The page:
Date: 09 August 2019 Source: Department of Conservation and Te Manahuna Aoraki
Thousands of new predator traps have been recently installed in the Godley Cass and Macaulay river systems as part of conservation project, Te Manahuna Aoraki. There is now renewed hope that kakī, the world’s rarest wading bird, will one day be able to thrive without human intervention.
Yesterday, 45 juvenile kakī were released at Mt Gerald Station, in the Godley and Cass river systems. Another 19 birds will join them this afternoon, while a further 66 were released into the Tasman Valley earlier in the week.
DOC Senior Biodiversity Ranger Dean Nelson says until recently the young waders have been released in the Godley and lower Cass Valleys with only very limited trapping to protect them from predators like stoats, ferrets and feral cats.
“We’re delighted to be able to release 64 birds here, safe in the knowledge the increased trapping system will help to keep most predators at bay.
“Previously fewer than 30% of the young birds released in the Godley and lower Cass valleys were surviving to become adults whereas in areas with significant trapping like the Tasman valley, the survival rate is 50%,” he says.
Chair of Te Manahuna Aoraki Dr Jan Wright says DOC and other organisations have done a fantastic job of bringing kakī back from the brink of extinction.
“Over the last six months Te Manahuna Aoraki have laid more than two thousand new predator traps, so 80% of the current kakī range is now protected.”
Te Manahuna Aoraki has more than doubled DOC’s existing trapping network area, from 26,000ha in the Tasman valley, to more than 60,000ha across the kakī range.
The birds have been hatched and reared for release by DOC and The Isaac Conservation and Wildlife Trust. The juvenile kakī are released into the wild at nine months old, and reach adulthood just over 12 months later.
“I’m told kakī start squabbling like teenagers at about nine months so it’s the right time to release them into the wild, and it is wonderful to know these birds will have their best chance yet to survive through to adulthood,” says Jan Wright.
“The other threatened birds that breed in these braided rivers like wrybill/ngutu pare, black-fronted tern/tarapirohe, banded dotterel/tūturiwhatu and black-billed gull/tarāpuka will also greatly benefit from the extended trapping network,” she says.
Kakī are only found in the braided rivers and wetlands of the upper Waitaki and Mackenzie basins, although they can occasionally be seen in other parts of the country. It is one of New Zealand’s most threatened birds.
The Department of Conservation has intensively managed the highly threatened birds since 1981, when their population declined to a low of just 23. There are now 129 adult kakī living in the wild.
There are currently 129 adult kakī in the wild and thirty adult pairs successfully laid eggs last season. Unfortunately, frequent flooding and cold weather in the braided rivers affected last season’s breeding rate.
A record 184 juvenile kakī were released into the Mackenzie Basin last year and these birds will reach adulthood in September 2019. It is hoped the adult population will increase at the next kakī ‘count’.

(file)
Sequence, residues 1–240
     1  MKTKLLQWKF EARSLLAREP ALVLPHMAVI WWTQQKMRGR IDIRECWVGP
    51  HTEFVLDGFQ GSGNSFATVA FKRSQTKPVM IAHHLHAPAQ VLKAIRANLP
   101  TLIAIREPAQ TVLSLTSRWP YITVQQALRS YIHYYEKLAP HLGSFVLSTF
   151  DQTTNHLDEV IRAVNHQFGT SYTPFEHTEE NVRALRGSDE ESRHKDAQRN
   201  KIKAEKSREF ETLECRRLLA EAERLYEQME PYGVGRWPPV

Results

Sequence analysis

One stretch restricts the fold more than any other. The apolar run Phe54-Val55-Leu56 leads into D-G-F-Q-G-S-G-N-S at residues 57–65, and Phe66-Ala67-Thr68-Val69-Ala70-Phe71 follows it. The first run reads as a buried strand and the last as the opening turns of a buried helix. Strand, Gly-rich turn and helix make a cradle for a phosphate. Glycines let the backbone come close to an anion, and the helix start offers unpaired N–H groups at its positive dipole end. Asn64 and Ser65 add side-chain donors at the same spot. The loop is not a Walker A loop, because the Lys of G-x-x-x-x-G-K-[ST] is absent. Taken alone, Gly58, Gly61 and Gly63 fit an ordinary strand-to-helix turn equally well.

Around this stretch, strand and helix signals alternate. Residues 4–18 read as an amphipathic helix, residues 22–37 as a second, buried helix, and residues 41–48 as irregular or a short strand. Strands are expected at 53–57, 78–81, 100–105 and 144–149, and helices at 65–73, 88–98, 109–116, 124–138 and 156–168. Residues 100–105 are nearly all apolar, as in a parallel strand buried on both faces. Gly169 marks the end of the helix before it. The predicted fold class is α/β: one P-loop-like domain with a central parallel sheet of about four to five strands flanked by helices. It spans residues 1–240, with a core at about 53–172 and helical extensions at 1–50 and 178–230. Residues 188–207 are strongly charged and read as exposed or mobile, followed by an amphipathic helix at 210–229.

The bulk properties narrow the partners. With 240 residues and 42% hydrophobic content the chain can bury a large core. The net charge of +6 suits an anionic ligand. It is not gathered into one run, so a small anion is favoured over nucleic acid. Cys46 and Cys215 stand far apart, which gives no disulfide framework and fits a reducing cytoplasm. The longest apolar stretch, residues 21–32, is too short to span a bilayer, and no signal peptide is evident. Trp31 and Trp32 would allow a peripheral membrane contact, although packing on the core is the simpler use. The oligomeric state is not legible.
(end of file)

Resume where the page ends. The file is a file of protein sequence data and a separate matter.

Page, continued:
During the breeding season, eggs are harvested from both wild and captive pairs. They are incubated at the DOC Twizel facility and hand reared either in Twizel or at The Isaac Conservation and Wildlife Trust in Christchurch.
The birds are then released as juveniles or sub-adults, an age when they are less vulnerable to predators. This management method has seen the population significantly grow over time.
Young kakī are normally chased away by their parents prior to the breeding season and the squabbling between them is part of this stage. By releasing the birds prior to the breeding season, we are following that natural process.
48 birds released this week were reared in a new Twizel aviary funded by Global Wildlife Conservation.
The Isaac Conservation and Wildlife Trust was founded by Sir Neil and Lady Diana Isaac in the 1970s as part of their commitment to conservation. The Trust assists in breeding programmes for endangered native birds and other species. It currently breeds kakī/black stilt, pāteke/brown teal, whio/blue duck, kākāriki karaka/orange-fronted parakeet, New Zealand shore plover and skinks at its wildlife breeding facility at Harewood.
The Trust has supported kakī recovery for 25 years and raised many hundreds of young birds at their captive breeding centre in Christchurch. This year the Trust has raised 45 young kakī for release.
Te Manahuna Aoraki conservation project
Te Manahuna Aoraki is a large-scale conservation project focused on restoring the iconic natural landscapes and threatened species of the upper Mackenzie Basin and Aoraki National Park.
Te Rūnanga o Arowhenua, Te Rūnanga o Waihao and Te Rūnanga o Moeraki, the Department of Conservation and NEXT Foundation, are the project’s founding partners. They are joined by high country landowners, and investors Aotearoa Foundation, Jasmine Social Investments, Global Wildlife Conservation (GWC) and Predator Free 2050 Ltd.
The project includes both private and public land – high country run holders, government departments, philanthropists, iwi, councils and the community are all working together towards a common vision.
The project involves a $4.5million three-year interim phase to extend protection for kakī and other endangered species and to test tools and techniques for a proposed 20-year landscape scale predator-free area.